With more than 26 million Americans currently suffering from Alzheimer’s (that number is expected to quadruple by 2050), early detection is critical in limiting the effects of this disease and optimizing available treatments. New research is showing that variations in eye structure may be able to detect the disease before symptoms arise.
As we’ve shared previously, the accumulation of amyloid beta protein deposits in the eye can help detect the presence of Alzheimer’s. New research being conducted by the investigators at Cedars-Sinai Regenerative Medicine Institute is showing that certain variations in eye structure may aid in early detection. Since optometrists are already a critical part of health teams in the detection of many other systemic diseases, the early detection of Alzheimer’s through eye exams would be a major breakthrough.
Researchers at Cedars-Siani studied postmortem human retinas and animal models and found that changes in the retinal pigment epithelial layer and the thickness of the choroidal layer detected by advanced imaging devices were strongly indicative of Alzheimer’s disease. Considering their findings, they have reason to believe further study may prove to be beneficial, not only in the early detection of Alzheimer’s, but possibly in the development of treatments and drug therapies, which may lead to a slow-down in the progression of the disease. Since Alzheimer’s is one of the top 10 leading causes of death and the only disease for which there are no treatments or cures, this may contribute to a breakthrough for the healthcare industry as a whole.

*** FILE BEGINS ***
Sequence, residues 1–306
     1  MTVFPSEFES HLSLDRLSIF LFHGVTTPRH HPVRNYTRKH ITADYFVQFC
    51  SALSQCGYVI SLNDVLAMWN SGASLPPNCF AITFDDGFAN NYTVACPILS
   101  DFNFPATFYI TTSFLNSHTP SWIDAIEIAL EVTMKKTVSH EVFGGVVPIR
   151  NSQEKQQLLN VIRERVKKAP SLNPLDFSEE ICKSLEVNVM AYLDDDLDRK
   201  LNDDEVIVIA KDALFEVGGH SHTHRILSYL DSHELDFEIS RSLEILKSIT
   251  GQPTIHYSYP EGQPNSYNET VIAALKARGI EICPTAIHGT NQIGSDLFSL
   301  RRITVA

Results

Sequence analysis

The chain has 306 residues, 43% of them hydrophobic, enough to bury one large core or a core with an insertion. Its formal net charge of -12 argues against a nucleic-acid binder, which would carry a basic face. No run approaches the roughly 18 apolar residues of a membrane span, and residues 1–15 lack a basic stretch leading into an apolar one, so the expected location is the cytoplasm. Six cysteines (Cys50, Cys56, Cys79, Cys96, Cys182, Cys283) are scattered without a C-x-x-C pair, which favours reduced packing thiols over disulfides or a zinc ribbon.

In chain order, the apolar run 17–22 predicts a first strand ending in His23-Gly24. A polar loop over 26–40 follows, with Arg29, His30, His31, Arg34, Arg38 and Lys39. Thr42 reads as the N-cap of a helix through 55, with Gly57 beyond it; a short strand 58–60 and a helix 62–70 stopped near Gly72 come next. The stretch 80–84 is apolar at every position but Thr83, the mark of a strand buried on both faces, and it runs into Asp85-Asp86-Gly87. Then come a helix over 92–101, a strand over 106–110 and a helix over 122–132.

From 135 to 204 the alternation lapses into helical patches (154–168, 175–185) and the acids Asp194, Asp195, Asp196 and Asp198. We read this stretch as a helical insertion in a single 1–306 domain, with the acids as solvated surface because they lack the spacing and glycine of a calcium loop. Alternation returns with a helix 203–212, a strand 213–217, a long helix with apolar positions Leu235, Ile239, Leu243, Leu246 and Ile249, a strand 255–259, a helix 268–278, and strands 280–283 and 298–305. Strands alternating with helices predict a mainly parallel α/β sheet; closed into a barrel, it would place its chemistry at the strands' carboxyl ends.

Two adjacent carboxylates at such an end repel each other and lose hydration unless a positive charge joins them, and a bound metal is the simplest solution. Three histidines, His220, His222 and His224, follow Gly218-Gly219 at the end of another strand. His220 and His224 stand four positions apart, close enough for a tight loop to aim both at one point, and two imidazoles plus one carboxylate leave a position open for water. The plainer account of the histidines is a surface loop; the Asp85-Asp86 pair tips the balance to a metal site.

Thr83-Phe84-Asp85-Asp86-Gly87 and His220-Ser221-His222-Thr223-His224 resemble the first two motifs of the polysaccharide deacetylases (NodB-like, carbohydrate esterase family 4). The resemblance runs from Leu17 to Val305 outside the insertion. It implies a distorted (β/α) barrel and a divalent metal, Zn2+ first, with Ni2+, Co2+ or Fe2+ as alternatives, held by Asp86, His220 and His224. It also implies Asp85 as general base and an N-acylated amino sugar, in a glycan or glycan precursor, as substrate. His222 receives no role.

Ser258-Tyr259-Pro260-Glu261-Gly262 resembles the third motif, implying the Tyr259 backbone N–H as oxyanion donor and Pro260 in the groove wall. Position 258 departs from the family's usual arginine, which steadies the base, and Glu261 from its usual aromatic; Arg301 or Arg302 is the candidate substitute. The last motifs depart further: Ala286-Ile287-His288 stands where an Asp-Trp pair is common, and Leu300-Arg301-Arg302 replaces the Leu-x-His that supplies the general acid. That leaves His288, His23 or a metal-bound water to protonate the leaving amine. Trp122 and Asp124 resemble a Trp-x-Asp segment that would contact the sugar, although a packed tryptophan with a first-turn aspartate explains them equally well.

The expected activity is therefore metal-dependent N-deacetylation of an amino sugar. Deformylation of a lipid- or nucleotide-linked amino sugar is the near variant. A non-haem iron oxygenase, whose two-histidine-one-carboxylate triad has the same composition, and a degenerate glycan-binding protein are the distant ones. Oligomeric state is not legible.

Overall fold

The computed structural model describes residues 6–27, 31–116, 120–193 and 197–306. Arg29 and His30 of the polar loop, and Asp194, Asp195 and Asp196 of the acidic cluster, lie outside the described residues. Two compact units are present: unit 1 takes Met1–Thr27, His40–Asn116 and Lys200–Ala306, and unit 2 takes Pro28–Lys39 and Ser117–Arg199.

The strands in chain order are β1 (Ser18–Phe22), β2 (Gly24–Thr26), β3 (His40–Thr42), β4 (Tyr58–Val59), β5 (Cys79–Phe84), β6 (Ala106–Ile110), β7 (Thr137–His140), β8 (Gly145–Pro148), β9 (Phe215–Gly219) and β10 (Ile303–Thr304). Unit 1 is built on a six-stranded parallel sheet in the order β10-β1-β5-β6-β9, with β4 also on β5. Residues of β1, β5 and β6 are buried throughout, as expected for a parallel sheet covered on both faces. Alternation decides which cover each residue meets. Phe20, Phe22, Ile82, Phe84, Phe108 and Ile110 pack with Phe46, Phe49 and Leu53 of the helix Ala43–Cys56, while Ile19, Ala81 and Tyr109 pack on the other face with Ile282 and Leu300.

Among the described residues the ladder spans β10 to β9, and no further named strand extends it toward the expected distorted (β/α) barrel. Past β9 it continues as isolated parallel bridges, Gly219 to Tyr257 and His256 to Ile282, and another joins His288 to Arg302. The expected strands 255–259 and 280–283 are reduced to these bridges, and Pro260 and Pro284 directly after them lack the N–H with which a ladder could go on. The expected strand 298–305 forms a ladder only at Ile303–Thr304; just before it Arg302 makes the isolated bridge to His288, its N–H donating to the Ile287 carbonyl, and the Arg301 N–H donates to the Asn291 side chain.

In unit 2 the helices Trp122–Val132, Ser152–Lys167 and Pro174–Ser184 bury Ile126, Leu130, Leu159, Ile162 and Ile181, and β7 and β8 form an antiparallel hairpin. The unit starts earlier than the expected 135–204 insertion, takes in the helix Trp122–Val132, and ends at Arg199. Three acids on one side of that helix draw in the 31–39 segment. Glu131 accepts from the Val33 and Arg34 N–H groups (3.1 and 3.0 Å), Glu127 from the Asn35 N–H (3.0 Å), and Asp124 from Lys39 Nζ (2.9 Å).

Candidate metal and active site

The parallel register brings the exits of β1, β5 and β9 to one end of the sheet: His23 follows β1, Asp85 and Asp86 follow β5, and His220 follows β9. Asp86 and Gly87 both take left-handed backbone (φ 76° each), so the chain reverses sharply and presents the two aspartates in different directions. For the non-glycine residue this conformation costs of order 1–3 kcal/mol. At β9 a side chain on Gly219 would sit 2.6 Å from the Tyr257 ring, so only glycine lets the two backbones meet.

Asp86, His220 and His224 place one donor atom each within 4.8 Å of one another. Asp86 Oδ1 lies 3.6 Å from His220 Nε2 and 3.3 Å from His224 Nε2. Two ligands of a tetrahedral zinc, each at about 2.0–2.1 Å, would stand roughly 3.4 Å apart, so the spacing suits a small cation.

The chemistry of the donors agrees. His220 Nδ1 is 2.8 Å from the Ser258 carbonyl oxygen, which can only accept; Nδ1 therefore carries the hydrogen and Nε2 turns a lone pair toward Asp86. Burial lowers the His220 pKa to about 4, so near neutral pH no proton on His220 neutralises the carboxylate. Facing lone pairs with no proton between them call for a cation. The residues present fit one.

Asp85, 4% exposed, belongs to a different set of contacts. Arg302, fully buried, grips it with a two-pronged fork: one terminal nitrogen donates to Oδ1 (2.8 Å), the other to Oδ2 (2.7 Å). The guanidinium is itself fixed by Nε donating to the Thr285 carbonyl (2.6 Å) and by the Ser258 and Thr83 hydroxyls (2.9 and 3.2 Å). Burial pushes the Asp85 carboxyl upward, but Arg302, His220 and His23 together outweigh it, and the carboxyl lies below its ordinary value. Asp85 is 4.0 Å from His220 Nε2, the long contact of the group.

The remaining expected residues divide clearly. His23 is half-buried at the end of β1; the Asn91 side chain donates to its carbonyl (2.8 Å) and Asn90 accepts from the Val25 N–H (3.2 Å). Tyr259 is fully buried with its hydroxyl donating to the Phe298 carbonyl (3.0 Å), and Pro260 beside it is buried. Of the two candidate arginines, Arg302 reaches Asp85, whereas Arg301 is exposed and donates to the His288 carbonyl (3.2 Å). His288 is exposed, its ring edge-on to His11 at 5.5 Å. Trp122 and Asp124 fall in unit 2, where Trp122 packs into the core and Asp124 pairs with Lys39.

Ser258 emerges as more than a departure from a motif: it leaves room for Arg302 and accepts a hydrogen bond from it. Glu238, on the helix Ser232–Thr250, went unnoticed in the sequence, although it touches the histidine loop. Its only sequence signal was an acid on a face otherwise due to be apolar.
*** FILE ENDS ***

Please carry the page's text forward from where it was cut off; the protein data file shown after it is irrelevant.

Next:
The American Optometric Association believes that noninvasive gathering of this critical information by optometrists — if proven valid in time with more research — can help your patients better cope with Alzheimer’s and help them plan and make better health decisions for their future.
optomap® ultra-widefield retinal exams can play a key role in helping you detect variations in eye structure that may be indicative of Alzheimer’s. Researchers used such state-of-the-art imaging devices in their studies. Contact us to learn more about how our imaging devices can help you provide your patients with the utmost quality care.